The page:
Song of the Day: Franco et le T.P. O.K. Jazz “Missile”
Franco et le T.P. O.K. Jazz were the definitive Congolese Rumba group. Franco Luambo Makiadi, the songwriter and guitarist who led the group, brought a certain sophistication to African guitar-based pop that few have equaled, let alone approached. I first became interested in Franco‘s music while I was a college student and happened upon a double CD compilation of his music in a remainder bin while I was on the lookout for African music. As a guitar player myself, I was immediately struck by the intelligence, invention, sophistication and sense of fun that Franco brought to the instrument. That find spawned a long-term love of all things Franco and I rapidly became a super fan of this incredible Central African guitar god.
“Missile” is a great example of what Franco did so well. Like most Congolese Rumba tracks, it is an extended jam featuring long improvisational passages tied to a simple and infectious melody. Franco gets stuck in, peeling off one brilliant guitar line after another. Possessed with that all-to-rare ability to cook like an absolute demon while still sounding laid back (among jazz guitarists, perhaps only the great Jim Hall shares the talent). The band are also no slouches: more than capable of supporting Franco, by bringing a subtle poly-rhythmic groove upon which Franco’s guitar and the soaring voice of singer Josky Kiambukuta can launch from. This is one of my all-time favorite African pop songs. It is both subtle, cutting and infectious. I hope you love it as much as I do.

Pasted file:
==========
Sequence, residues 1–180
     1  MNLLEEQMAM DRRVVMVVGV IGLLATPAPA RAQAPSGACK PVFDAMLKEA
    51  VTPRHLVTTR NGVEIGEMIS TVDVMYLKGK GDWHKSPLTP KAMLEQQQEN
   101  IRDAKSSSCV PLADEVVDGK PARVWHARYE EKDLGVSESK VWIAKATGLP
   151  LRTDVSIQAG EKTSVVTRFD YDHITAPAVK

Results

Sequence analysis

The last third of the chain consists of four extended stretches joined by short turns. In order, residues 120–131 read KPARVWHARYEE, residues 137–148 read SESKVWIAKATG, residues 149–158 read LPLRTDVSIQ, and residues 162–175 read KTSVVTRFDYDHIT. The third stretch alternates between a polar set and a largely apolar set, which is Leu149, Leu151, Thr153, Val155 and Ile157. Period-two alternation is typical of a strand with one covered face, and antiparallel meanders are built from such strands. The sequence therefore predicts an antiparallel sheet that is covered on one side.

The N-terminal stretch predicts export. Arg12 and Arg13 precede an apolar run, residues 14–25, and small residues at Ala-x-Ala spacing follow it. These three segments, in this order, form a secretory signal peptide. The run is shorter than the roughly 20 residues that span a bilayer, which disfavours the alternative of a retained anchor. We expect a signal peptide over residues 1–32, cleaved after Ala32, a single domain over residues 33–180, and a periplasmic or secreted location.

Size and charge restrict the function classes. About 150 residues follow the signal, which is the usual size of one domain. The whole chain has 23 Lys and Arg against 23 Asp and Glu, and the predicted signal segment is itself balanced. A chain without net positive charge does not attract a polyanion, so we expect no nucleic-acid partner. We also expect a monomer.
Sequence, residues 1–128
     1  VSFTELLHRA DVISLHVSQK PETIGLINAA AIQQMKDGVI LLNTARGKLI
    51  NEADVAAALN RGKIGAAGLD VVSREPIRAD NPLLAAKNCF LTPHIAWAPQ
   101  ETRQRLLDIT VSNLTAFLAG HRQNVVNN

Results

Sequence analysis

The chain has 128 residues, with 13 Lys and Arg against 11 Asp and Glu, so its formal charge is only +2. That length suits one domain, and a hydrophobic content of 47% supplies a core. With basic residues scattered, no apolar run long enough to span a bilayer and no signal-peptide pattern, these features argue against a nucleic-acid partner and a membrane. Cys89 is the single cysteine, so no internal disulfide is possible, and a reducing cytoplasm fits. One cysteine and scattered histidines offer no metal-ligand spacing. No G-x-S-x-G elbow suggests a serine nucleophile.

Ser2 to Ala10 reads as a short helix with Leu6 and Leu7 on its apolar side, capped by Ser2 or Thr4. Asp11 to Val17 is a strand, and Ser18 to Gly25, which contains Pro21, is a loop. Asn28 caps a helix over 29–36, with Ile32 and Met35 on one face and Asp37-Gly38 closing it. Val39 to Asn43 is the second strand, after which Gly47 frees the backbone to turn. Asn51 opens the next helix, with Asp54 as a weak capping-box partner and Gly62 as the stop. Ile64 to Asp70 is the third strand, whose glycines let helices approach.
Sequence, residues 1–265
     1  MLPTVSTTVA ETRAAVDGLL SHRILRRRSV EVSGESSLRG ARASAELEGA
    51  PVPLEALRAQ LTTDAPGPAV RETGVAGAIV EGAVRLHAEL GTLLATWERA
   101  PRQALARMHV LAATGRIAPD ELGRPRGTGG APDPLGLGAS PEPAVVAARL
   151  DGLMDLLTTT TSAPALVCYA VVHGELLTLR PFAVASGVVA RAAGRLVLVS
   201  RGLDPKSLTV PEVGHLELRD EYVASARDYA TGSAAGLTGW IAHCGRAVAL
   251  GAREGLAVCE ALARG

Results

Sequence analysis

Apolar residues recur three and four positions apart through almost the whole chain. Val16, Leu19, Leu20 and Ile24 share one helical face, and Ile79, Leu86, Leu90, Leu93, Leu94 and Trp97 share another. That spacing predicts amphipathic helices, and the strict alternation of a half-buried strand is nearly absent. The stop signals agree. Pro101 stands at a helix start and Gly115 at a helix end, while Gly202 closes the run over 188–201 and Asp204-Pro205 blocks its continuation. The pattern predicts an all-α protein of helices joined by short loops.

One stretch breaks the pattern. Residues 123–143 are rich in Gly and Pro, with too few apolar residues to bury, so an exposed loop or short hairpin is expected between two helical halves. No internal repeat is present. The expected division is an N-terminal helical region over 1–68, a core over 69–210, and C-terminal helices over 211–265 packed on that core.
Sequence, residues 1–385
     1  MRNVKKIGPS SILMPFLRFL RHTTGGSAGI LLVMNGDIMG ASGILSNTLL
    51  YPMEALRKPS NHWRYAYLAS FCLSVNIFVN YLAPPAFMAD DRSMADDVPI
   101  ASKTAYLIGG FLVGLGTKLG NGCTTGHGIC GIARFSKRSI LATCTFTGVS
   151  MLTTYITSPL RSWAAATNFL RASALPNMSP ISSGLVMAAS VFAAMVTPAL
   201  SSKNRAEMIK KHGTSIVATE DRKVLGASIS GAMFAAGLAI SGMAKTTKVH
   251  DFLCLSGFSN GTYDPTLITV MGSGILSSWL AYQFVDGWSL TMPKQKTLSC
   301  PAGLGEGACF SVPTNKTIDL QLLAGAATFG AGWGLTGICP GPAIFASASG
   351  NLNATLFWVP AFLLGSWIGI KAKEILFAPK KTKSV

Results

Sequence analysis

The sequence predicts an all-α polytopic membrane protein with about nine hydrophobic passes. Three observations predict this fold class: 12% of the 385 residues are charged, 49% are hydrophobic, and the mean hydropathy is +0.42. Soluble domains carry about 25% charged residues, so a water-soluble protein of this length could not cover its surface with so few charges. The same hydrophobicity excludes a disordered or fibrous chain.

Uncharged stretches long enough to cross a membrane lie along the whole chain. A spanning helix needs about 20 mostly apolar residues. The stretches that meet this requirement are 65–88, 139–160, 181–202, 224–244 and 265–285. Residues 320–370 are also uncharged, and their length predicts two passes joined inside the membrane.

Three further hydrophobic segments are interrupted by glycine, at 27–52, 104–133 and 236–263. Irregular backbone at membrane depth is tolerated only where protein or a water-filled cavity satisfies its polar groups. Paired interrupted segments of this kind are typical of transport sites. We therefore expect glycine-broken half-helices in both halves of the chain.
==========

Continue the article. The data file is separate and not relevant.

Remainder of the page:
Franco Luambo Makiadi was born in Santa Bata in 1938 in what was then the Belgian Congo. The country descended into a period of civil war and uncertainty between 1960 and 1965 before gaining independence as Zaire and later the Democratic Republic of the Congo. Political assassinations, conflict over natural resource riches and civil war (which spilled over into neighboring Rwanda and Burundi) have sadly defined the DR Congo’s post colonial period. Throughout much of this turmoil however, Zaire/ the DR Congo enjoyed a rich pop music scene, of which Franco was the definitive leader of this musical movement. A whole host of top Central African musicians passed through his band over the years and he and his group were much beloved figures in nightclubs and on record in people’s home. Franco‘s death in 1989 resulted in 4 consecutive days of national mourning within his native land. He was a true giant of African popular music.